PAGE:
Obsolete in 1985 is still obsolete in 2002 and 2020. “Some believe” in the Loch Ness Monster, and “some believe” that aliens are coming to take us all away to their utopian home planet. Also, “some believe” the New World Order is awaiting to pounce in order to establish WG. What “some believe” would fill Wikipedia. In fact it does.

    One of the great realisations to come after the collapse of the Soviet Union was that the Soviets weren’t the rapacious invaders we thought they were. The more we worked ourselves up about apparent Communist expansionism and the threat of invasion, the more military power we sought. The more powerful the West became, the more Soviets feared the West (whose forces surrounded the Soviet Union, remember) would initiate a first strike and sought to match the power of the West. The more military power the Soviets exhibited, the more the West became afraid…

    Are you seeing the pattern yet? The Soviets feared the West and its insane rhetoric of “evil empire” and escalating and threatening military power, and the West feared the Soviet Union and its alien political and economic system (at least to Americans) and whose military was rapidly following up behind. A destructive little cycle that resulted in Korea, Vietnam, Afghanistan (1979) and a hundred other filthy little wars fought for no purpose.

    And yet here we are starting the cycle all over again, only this time with a giant that can afford to play the game and win.
    China has a certain expectation of their place in the world. They feel the US is attempting to relegate it to a meek observer in order to reinforce US dominance of global affairs (probably rightly). They believe that their economic and social power gives it a voice and rights that are being ignored, and that military power is a part of this assertion of Chinese needs.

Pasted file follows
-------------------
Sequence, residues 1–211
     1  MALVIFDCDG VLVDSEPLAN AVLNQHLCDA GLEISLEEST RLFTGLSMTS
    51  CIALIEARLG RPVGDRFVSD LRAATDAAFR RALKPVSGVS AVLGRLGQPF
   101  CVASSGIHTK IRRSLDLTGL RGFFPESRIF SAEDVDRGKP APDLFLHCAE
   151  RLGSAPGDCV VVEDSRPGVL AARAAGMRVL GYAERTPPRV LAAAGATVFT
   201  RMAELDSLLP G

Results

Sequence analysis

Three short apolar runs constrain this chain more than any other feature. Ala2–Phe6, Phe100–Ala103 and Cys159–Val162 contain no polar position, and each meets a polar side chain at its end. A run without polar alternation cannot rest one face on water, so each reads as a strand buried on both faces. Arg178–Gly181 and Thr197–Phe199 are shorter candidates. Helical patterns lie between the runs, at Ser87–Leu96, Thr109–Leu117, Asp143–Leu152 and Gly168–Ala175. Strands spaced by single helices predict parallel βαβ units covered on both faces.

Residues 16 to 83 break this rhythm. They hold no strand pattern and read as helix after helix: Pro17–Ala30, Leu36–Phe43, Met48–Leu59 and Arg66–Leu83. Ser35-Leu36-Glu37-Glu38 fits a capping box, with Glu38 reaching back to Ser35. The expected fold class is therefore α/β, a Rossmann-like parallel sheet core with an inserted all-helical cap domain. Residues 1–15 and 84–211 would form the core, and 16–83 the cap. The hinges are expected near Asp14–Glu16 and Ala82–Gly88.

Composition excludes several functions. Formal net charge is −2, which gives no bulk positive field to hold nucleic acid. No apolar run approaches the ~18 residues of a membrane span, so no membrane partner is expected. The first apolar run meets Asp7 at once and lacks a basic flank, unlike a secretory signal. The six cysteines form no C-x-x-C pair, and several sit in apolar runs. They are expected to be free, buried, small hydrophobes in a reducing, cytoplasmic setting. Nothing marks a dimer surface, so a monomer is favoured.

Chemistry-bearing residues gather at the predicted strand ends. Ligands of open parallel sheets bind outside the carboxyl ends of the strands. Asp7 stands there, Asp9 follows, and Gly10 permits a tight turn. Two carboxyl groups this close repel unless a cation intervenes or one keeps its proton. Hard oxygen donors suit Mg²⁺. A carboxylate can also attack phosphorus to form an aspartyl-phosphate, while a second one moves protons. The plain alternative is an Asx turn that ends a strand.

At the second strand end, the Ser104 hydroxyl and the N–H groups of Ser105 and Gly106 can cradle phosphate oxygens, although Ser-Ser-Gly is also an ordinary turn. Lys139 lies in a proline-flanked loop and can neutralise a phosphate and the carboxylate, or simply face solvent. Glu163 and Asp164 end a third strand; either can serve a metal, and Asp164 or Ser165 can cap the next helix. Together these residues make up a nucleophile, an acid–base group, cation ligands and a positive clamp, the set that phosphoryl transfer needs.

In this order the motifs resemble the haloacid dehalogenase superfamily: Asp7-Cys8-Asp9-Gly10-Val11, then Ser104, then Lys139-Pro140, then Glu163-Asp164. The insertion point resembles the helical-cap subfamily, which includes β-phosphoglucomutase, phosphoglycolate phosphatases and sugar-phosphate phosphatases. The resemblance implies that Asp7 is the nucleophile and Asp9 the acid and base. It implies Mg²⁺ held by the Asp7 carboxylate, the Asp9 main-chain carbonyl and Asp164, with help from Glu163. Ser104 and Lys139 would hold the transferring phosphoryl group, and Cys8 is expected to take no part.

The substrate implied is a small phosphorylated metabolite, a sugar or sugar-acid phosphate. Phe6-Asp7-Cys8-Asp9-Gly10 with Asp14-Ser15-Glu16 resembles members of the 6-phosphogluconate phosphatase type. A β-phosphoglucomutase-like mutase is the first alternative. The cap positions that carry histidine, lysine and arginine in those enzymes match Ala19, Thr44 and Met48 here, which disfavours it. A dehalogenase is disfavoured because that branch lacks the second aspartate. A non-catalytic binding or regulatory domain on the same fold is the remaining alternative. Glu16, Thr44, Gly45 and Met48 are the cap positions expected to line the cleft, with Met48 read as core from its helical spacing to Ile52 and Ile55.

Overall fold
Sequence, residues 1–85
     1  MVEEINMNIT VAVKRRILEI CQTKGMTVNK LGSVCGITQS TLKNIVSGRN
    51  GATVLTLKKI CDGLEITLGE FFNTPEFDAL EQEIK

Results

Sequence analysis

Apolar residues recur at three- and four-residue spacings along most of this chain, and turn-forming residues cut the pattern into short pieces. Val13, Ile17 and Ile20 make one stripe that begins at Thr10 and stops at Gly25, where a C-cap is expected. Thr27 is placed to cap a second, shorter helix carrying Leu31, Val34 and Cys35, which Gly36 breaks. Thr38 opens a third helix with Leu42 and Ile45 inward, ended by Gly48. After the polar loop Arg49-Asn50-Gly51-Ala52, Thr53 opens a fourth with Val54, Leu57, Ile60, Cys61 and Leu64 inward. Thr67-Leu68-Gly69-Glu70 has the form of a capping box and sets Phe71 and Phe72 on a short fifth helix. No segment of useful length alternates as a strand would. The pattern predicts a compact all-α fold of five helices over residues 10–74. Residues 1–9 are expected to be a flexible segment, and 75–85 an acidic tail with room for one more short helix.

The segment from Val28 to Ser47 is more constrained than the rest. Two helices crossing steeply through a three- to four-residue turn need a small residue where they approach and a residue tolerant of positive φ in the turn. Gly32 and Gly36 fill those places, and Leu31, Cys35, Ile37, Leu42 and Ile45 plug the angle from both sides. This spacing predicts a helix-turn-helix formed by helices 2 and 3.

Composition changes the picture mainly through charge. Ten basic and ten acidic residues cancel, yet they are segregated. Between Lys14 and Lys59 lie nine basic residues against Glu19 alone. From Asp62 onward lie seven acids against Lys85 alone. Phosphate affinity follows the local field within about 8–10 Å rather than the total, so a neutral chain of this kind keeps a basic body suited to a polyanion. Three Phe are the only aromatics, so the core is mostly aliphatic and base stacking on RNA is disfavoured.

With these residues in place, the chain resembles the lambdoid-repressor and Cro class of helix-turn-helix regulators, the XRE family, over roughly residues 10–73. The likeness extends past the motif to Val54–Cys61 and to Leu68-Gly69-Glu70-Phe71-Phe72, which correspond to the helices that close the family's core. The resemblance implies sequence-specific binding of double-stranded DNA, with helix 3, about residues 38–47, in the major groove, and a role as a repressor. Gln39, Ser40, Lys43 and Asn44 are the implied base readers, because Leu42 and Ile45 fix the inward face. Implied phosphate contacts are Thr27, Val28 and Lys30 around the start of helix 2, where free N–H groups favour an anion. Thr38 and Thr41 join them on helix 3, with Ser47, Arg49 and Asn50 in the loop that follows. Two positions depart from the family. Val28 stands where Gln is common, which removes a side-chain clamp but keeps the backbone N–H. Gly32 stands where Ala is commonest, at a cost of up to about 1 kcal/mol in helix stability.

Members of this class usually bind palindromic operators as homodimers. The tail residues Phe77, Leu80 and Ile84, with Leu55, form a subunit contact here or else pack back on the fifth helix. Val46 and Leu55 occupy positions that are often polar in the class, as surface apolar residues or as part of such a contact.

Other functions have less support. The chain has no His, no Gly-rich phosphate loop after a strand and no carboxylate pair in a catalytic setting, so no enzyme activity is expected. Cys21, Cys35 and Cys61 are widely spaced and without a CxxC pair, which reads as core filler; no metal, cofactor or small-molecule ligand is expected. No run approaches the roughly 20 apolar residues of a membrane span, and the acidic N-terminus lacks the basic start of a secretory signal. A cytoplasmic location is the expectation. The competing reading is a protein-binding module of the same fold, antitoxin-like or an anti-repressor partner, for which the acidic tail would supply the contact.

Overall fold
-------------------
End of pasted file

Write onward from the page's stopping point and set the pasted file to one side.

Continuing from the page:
The likelyhood of a war with China is remote, and a nuclear exchange even more so. Why?
    The economies of the US and China is so intertwined and dependent on each other that a war would be an economic disaster.
    China basically owns most of the debt of the United States. Do you think the US would default on their debt responsibilities?
    The Chinese government and people aren’t insane. Far more likely is that the Chinese would use their economic power as a weapon to get what they want.
    The answer to this increasing confrontation with Chinese influence is not a spiralling military build-up, nor a diplomatic confrontation, nor a series of self-destructive verbal point-scoring. It is to treat China like grown-up equal. Yes, it is that simple! Stop the berating, chastising and scolding, invite China to participate more in international affairs (especially where Chinese and Western interests coincide), change the our posture and rhetoric away from antagonism and confrontation, and stop demonising and being hypocritical (such as condemning China’s influence on developing nations while peddling our own).

    China shouldn’t be a mystery. Germany, Japan and Russia (in turn) have shown us that it is politics that divide us. They have the same needs that Australia has.

  • Raymond


    Bob – one big difference.

    The USA is democratic, the leader of the free world, and a champion of human rights and dignity.

    China is a communist, totalitarian regime that supresses its citizens. Don’t ever forget this one key difference.